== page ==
S.E.E.D. 1 Seeking Educational Equity and Diversity

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S.E.E.D. 1
Seeking Educational Equity and Diversity
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December’s Theme: Class
Essential Question: How do class issues impact
our students & schools?
Essential Vocabulary: social class
Phase Theory overview
Phase I:
We neither study women, people of color, people with disabilities, etc.,
nor do we notice that we don’t
Phase II:
We study “exceptional” women, POC etc. who overcome all barriers and
meet the standards of the dominant culture
Phase III:
We study “issues” related to women, POC etc. looking at what is/has
been unfair treatment – often referred to as “Deficit Identity” phase
Phase IV:
A more lateral view – wherein the life experiences of all people are
valued and studied (the life of an auto factory worker gets a paragraph
alongside Henry Ford’s paragraph)
Phase V:
100-500 years in the future – Reconstruction/Education redefined to
include more of our ways of being, knowing, teaching, and learning.
Phase Theory continued…
Phase I:
Wars & Presidents … (women/P.O.C. etc. don’t exist?)
Phase II:
Susan B. Anthony; Dr. Martin Luther King Jr. etc…
Phase III:
racism, sexism, victims, absence
Phase IV:
Lives of women, people of color &“others” as history.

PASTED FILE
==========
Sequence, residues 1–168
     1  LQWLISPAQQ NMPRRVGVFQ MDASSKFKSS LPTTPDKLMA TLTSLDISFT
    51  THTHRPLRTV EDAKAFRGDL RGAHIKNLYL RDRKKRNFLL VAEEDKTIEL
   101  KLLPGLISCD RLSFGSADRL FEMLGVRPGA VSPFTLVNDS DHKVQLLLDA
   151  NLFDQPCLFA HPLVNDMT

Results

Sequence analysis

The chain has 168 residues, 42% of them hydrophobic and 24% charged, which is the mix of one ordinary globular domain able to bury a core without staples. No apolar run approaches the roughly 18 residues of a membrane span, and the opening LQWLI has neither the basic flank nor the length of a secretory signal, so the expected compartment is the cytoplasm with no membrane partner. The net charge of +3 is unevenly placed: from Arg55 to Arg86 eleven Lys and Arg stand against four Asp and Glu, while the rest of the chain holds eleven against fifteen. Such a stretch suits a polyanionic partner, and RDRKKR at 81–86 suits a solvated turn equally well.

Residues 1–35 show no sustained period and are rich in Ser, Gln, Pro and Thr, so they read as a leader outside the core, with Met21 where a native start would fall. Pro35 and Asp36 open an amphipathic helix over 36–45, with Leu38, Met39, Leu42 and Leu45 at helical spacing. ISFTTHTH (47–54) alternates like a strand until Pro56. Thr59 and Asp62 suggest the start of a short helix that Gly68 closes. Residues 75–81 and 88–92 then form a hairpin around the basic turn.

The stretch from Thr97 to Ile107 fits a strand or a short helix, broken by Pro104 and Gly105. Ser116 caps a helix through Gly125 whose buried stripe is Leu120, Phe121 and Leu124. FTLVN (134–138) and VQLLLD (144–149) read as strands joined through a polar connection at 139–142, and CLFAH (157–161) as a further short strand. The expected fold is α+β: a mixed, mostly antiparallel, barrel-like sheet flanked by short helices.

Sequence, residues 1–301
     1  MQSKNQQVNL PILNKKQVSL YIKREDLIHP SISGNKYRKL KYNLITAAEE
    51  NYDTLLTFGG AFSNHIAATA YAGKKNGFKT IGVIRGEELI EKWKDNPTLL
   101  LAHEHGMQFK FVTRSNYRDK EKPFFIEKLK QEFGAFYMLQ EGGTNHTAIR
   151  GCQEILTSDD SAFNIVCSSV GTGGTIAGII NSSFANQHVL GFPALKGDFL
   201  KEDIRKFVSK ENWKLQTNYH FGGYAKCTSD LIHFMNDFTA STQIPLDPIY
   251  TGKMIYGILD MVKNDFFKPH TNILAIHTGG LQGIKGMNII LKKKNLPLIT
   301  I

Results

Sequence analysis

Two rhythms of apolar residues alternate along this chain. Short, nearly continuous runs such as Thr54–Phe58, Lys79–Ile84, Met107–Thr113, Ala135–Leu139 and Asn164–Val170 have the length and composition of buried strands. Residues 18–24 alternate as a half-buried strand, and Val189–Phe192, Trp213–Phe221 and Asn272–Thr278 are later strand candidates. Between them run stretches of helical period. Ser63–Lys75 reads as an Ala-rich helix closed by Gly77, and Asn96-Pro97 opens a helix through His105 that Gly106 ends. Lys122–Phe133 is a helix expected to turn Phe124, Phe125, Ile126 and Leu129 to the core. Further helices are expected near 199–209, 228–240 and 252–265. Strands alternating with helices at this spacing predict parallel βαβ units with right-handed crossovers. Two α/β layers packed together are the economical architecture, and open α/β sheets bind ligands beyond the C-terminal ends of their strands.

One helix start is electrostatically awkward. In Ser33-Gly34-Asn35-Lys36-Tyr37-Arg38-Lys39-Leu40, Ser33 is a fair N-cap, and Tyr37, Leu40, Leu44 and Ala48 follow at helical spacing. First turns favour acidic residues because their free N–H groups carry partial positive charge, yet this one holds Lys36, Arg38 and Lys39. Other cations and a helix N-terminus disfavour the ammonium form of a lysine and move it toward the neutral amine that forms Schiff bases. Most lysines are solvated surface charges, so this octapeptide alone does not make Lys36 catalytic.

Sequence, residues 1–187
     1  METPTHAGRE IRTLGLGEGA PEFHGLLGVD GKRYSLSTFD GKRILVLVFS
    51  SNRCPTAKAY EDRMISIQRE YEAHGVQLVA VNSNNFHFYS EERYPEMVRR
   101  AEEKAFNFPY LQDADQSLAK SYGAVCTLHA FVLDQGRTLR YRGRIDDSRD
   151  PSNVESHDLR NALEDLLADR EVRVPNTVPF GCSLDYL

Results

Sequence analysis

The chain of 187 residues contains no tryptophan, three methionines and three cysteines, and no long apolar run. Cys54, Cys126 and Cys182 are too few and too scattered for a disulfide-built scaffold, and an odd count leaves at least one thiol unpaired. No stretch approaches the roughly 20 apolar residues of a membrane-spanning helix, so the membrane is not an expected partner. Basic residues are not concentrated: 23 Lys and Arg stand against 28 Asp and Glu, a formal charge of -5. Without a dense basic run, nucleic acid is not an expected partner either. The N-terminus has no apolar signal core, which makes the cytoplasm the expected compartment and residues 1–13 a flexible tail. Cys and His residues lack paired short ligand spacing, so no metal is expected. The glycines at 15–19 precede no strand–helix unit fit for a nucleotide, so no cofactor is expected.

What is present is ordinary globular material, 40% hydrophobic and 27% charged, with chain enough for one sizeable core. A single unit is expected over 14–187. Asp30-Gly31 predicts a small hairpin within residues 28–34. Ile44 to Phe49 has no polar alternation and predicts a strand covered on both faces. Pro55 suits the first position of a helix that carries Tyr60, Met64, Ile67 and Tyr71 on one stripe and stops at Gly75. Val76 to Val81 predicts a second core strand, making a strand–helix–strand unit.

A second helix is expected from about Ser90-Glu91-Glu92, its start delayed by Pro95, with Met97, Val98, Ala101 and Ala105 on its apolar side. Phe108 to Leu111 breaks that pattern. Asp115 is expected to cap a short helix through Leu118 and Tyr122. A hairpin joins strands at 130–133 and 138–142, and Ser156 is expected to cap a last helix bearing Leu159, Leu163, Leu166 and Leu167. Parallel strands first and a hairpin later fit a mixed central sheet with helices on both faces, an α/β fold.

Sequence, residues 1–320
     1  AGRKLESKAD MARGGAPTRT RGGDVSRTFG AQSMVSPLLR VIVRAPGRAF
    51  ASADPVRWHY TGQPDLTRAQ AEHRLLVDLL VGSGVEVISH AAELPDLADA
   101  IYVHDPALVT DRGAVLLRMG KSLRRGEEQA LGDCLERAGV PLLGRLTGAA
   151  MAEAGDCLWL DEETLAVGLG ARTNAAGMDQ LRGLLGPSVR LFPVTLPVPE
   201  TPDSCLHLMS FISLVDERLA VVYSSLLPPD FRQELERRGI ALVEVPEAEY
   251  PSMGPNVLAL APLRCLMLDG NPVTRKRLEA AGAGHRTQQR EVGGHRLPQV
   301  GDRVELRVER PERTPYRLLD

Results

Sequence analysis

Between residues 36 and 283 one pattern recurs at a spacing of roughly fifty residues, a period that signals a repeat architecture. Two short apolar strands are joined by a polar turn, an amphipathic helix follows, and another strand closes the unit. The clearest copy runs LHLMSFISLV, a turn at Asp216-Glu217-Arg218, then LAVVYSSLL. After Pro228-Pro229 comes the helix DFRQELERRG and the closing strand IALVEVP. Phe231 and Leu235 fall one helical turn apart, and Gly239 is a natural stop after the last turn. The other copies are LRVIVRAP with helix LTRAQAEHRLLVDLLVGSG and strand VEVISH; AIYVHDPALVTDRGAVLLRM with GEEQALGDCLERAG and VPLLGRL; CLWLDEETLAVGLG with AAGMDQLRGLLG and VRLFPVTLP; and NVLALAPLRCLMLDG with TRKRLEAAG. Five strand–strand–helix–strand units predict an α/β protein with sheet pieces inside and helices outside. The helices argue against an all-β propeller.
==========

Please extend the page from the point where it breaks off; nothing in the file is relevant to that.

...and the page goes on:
Phase V:
History redefined and reconstructed to include us all.
Small Group sharing:
Gary Howard…
How do you see the 3 Dynamics of
Dominance (Assumption of Rightness,
Luxury of Ignorance, Legacy of Privilege) at
play in your school/district setting?
 What questions do you still have after
reading/reflecting on this chapter?
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http://blog.chron.com/hottopics/2013/12/daily-shows-jon-stewartslams-fox-news-megyn-kelly-for-white-christmas/#18866101=0
Large Group sharing:
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“As white educators we can also do many things in our
classrooms to support healing on the river of diversity.
Much has been written about the theory and practice of
multicultural education as a strategy for reinforcing
democratic pluralism and social justice… (including) at least
five key areas of learning:
1.
2.
3.
4.
5.
To learn who we are racially and culturally.
To learn about and value cultures different from our
own.
To view social reality through the lens of multiple
perspectives.
To understand the history and dynamics of dominance.
To nurture in ourselves and our students a passion for
justice and the skills for social action.
(p.84-85)
Break!
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Enjoy the food – thanks to Kirenza, Emily, and
Heidi!
Class - Introduction